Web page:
No, I am not trying to reduce the typically unflappable model-actress-singer to tears (again). But if I’m being completely honest, though I was quite moved by Syesha’s mid-critique breakdown following her rendition of ”A Change Is Gonna Come,” the performance itself left me feeling ambivalent. I agreed with Randy: The arrangement was slightly off-putting, and Syesha (again in a major, major dress) kept falling out of step with the band and falling ever so slightly flat on the big notes. What’s more, although I appreciated Syesha’s efforts to learn about the song’s significance to the civil rights movement, was anyone else flummoxed by her need to reinterpret the lyrics as somehow reflecting on her Idol journey?
If Jason’s fans rally to his cause in record numbers, there’s a chance the second sentence of Paula’s rave — ”Welcome to the dream, Syesha. This is it for you” — could prove prescient. And as we all know, according to the Idol playbook, when a contestant says something like ”I just like to have fun,” it can usually be interpreted as ”I have made peace with the fact that I am going home soon.”
Then again, as Ryan frantically reminded us — without actually dangling the two Davids over a pit of rabid wolves — ”Anything can happen. Nobody is safe and nothing is guaranteed.” So maybe Rocker David or Teen Dream David is at risk of being booted Wednesday night. Yeah, right, and moments later, I’ll publicly renounce my love for Fantasia Barrino.
It’s true. David Cook should be sailing into final-three week with ease, although how Simon predicted this after the guy had only delivered one very middling number, and none of his competitors had yet taken the stage, is a mystery on the same plane as Paulagate. But who’s looking for consistency or common sense from the panel anymore? Rocker David himself admitted he could’ve done ”way more” with his paint-by-numbers cover of Duran Duran’s ”Hungry Like the Wolf” — after all, nobody who rides the Idol train gets to pull the emergency brake and ask, ”What if the coronation song is worse than ‘Do I Make You Proud’?”’ — and yet Paula got all Pavlov’s dogs and drooled that the performance left her ”with a big appetite.” (Inappropriate? Discuss!)
NEXT: David C. shows who he is
Lucky for David, tonight afforded each contestant a second chance, and he made good by donning a black-and-silver pinstripe blazer and offering up a sparse, slowed-down rendition of the Who’s ”Baba O’Riley” that not even the Idol Swaybots (TM) could ruin. Paula’s praise (”I’m humbled to sit here and watch your soul”) might’ve been one rock & roll too many, but there’s no denying that week in, week out, Rocker David manages to work the outside edge of the weekly theme and end up with something that would fit right in on the radio tomorrow.
And yet while I’m not sure I can say the same for David Archuleta, who I still find as exciting as a bowl of Grape-Nuts (no milk, fruit or sugar added), I’d be lying if I didn’t call the season 7 wonder teen the star of tonight’s show. Randy has been all too often wrong this season, but he was completely correct that Little David is clearly ”trying to win the whole thing” every time he takes the stage. And on technical merit alone, no one else on stage tonight could match his one-two punch of ”Stand by Me” and ”Love Me Tender.” The former performance featured more runs than a high-school track meet, but the bare-bones arrangement showcased a purity of tone that would match nicely with a high-quality poster print of the roof of the Sistine Chapel. (I will also admit to coveting the kid’s black V-neck with seagulls and black pinstripe pants.)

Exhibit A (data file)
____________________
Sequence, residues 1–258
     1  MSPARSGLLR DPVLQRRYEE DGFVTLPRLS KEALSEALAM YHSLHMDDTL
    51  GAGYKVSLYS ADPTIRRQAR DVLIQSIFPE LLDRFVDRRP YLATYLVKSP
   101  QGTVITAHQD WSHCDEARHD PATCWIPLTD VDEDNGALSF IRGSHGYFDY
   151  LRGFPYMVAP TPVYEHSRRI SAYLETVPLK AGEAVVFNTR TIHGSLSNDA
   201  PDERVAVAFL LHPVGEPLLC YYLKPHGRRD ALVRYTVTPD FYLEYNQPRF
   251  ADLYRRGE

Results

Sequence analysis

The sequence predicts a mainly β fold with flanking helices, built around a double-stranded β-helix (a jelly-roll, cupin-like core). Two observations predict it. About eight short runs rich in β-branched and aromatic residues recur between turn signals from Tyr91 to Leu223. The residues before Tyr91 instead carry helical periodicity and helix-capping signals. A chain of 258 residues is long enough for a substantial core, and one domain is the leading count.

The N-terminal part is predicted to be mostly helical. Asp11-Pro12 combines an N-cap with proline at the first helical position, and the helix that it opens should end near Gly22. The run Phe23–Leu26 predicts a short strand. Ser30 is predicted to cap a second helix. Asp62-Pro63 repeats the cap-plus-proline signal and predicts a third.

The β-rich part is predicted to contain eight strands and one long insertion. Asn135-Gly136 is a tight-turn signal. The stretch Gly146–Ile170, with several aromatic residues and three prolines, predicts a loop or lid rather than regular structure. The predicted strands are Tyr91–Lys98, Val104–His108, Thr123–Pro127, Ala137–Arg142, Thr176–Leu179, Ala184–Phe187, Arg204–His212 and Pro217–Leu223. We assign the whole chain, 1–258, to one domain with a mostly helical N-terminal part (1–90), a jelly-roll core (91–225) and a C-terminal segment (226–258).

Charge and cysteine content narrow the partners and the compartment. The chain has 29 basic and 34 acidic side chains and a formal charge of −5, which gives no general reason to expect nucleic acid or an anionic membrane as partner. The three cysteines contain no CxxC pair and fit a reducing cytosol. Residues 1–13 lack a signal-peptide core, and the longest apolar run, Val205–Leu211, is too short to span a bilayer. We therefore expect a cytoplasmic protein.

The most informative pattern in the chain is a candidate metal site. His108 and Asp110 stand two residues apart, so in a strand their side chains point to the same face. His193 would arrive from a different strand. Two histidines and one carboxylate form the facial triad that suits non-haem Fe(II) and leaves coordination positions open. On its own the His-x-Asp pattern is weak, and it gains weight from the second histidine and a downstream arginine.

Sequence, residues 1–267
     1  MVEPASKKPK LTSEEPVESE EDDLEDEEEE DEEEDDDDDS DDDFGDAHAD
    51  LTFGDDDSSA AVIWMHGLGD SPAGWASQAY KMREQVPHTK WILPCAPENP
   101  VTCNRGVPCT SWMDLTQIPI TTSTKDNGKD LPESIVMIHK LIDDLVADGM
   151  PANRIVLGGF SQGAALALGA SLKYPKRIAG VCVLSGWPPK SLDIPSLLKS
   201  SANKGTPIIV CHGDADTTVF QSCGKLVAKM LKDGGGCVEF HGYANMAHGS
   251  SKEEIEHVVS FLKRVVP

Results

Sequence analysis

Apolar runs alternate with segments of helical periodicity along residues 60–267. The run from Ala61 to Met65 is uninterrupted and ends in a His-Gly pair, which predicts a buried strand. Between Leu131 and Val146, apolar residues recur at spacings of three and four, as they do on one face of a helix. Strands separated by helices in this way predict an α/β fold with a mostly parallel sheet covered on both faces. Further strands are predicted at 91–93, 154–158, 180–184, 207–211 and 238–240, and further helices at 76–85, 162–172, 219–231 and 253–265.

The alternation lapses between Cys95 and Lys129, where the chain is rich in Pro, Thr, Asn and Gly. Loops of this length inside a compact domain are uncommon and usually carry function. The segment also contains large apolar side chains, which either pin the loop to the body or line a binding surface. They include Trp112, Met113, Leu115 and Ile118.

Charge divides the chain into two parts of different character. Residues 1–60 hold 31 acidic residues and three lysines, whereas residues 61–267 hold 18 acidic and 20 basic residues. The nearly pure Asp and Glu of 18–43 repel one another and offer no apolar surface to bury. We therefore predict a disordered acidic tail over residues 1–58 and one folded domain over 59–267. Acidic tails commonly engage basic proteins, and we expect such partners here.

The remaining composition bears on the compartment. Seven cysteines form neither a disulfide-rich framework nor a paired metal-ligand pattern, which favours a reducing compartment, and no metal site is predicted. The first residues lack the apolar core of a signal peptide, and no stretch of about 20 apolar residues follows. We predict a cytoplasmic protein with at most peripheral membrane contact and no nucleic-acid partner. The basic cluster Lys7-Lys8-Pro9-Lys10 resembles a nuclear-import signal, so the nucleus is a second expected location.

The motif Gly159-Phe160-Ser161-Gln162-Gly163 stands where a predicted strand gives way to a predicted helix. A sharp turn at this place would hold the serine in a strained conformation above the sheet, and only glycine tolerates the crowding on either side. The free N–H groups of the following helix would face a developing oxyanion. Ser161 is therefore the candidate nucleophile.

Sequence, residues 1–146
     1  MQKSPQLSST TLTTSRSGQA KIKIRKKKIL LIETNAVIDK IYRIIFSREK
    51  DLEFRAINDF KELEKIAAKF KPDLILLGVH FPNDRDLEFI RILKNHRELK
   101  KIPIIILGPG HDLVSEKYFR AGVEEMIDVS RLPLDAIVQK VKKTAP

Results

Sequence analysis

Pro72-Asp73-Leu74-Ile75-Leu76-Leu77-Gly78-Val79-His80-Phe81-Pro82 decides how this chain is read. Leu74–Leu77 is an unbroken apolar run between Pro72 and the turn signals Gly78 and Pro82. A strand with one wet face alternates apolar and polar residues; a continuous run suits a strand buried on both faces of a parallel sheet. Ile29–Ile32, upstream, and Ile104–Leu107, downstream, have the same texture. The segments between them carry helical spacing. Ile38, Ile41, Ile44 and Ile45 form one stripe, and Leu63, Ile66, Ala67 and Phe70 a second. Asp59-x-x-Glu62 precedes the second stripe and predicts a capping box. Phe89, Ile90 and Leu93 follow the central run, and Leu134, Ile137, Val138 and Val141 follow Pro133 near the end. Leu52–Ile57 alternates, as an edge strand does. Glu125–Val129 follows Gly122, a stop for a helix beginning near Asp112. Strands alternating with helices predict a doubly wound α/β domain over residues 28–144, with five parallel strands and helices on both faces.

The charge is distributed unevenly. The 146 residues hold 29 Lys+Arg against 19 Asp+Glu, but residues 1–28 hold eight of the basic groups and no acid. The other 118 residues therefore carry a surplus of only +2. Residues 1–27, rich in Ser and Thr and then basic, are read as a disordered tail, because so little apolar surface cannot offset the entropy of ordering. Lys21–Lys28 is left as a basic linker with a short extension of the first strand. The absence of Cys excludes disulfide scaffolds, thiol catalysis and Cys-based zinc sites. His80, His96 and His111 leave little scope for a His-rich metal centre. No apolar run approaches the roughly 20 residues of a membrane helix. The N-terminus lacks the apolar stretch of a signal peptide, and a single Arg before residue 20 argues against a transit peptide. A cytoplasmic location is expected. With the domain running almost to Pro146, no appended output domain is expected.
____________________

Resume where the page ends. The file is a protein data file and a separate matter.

Little David’s second number was somewhat less convincing, as I’m not really sure anyone who could blandly dub ”Love Me Tender” as ”a fun song to sing” has got the required life experience to pull off a sweeping romantic ballad. And if I’m gonna quibble for a moment (and of course I’m gonna quibble), it’d be nice to hear David occasionally commit to the melody for a bar or two before he breaks out the giant syringe of melisma. Hey, he may not be my contestant of choice, but if he stays focused and keeps his fellow competitors on their toes for the next two weeks, then everybody wins.
Especially (I’m 99.9 percent sure) a guy named David.
What did you think of tonight’s performances? Do you think Jason wants off the show? If yes, will he get his wish? And how about Ryan’s pointed announcement that the judges would speak after every performance? Weigh in below, after checking out the first installment in our three-part Idolatry interview with Brooke White.
Ryan Seacrest hosts as Katy Perry, Lionel Richie, and Luke Bryan guide aspiring singers on their way to superstardom.